Review - Overcome
It’s very easy to forget that some games aren’t made to be action-packed blockbusters or hyper-realistic simulations of real life. Some games are just a form of artistic expression. People make games just to work through some stuff sometimes.
Overcome definitely comes from someone’s heart. That someone is Kabir Lal, a game developer from New Delhi, India. On the surface, this is a 2D side-scrolling platformer, where you control a little pixel heart character. The gameplay consists almost entirely of either walking left or right, jumping, gliding, and using the game’s shield mechanic.
The shield is a fascinating tool to work with. When you’re standing, it faces the same direction you face, and will block enemy attacks. The number of attacks you can block consecutively is represented by a meter in the lower-left corner of the screen. The meter regenerates over time, and relatively quickly, but it does deplete fast enough that you can’t simply block forever.
The shield also gives you access to a reflect mechanic. Since you have no attacks of your own (surprisingly, jumping on enemies doesn’t deal damage to them), reflecting attacks with carefully timed button presses is your only method of offense.
Overcome is a short game, having only four levels, and it can be completed in less than two hours. However, I found it to be a really engaging experience due to its difficulty. This game is insanely hard. It borders on insultingly difficult. Fortunately, the time to respawn after a death is very short — usually under two seconds — but the frustration can get very real. The controls are as tight as you’d want from a 2D platformer, so Overcome does achieve that “I died, but I felt like it was my fault and not the game’s” feeling everyone likes. It’s just hard as hell.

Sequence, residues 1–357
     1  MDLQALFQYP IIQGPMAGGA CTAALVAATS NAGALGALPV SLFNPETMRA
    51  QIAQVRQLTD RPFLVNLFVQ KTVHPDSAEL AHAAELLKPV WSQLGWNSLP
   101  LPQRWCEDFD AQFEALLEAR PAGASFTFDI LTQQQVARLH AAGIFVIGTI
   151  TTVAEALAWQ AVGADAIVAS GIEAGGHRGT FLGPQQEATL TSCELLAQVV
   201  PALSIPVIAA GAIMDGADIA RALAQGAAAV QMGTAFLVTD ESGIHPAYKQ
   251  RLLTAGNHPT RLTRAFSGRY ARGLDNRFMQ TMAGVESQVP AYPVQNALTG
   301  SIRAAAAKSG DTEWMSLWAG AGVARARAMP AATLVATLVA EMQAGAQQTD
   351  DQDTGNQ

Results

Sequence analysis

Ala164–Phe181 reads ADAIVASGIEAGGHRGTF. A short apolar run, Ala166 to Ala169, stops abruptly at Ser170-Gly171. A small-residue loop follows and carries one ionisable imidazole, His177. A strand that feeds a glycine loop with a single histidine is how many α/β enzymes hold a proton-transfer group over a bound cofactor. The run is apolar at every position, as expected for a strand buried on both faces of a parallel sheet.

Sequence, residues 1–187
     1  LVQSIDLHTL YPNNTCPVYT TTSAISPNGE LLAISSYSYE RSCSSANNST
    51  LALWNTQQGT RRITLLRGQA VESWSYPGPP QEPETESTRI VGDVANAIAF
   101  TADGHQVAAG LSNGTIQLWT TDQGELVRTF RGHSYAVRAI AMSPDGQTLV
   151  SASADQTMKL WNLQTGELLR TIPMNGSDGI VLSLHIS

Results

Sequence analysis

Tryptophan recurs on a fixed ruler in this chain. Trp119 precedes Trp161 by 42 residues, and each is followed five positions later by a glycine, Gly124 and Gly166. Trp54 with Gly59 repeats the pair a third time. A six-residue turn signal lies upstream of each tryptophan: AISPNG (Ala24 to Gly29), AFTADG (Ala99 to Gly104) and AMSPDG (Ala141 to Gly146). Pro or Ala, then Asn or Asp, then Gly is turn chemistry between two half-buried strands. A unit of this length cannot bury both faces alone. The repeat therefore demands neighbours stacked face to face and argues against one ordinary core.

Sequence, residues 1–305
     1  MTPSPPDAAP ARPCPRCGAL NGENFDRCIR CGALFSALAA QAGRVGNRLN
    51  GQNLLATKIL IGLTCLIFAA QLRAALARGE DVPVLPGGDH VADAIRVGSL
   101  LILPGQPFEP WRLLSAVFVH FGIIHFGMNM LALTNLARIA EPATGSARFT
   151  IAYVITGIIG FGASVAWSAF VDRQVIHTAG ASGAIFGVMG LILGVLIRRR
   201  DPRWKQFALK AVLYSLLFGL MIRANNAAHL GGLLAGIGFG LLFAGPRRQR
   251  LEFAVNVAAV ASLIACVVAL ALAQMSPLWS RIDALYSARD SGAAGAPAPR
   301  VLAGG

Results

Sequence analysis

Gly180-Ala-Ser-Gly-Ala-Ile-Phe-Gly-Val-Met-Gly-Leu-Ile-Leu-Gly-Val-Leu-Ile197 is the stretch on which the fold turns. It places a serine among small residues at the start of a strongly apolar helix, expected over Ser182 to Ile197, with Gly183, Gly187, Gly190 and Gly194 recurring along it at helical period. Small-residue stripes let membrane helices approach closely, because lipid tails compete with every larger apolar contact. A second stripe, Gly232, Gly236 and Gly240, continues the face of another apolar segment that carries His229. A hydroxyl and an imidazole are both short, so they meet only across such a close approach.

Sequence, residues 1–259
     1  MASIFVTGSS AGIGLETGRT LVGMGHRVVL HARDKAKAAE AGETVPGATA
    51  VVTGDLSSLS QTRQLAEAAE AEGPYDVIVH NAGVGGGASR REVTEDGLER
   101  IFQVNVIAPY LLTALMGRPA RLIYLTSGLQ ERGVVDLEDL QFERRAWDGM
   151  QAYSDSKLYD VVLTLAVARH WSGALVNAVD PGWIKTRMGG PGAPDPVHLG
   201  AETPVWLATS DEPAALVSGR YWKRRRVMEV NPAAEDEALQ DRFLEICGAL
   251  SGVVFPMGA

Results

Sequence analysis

Despite that, I pushed on for two reasons. The first is the excellent music, produced by an artist named Anshuman. For a game with barely any traditional storytelling, Overcome’s soundtrack is profoundly emotional. The game’s visual presentation doesn’t do much to portray a mood, but the music sets the atmosphere. It made me feel like there was more to the game than just platforming.
That feeling brings me to the second reason I persevered through Overcome’s stiff difficulty: its meaning. According to the Overcome website, Kabir Lal developed this game while coping with cancer treatments and a painful breakup. The game’s only direct storytelling comes from a handful of sequences involving your character being chased by a giant, black heart surrounded by black smoke. It’s clear that there’s some sort of symbolism going on between the game opening and closing with a chase sequence, and I will admit the specifics of it were lost on me as I played. It wasn’t until I checked out Kabir’s site that I realized what the game represented.
I don’t say that as a fault of the game. I can relate very specifically to having health complications while dealing with a tough breakup. I may not have felt that from the game, but the music and the struggle resonated with me enough that I could at least tell the developer was pursuing a deeper message. I inferred that the game feeling almost impossible at times is an intentional design choice, now that I know the development story.
Given that Overcome was developed over the course of six months, and the personal issues the developer dealt with, it’s a pretty impressive piece of work. No, this isn’t the next Super Mario and it probably won’t light up sales charts. At $10 on Steam, and with a two-hour run time at most, this may not be the best value for your money. But Overcome isn’t about that. It’s a heartfelt game that manages to express very real emotions using gameplay and music. It reminded me that games aren’t always about the players. And also that platformers can be savage.
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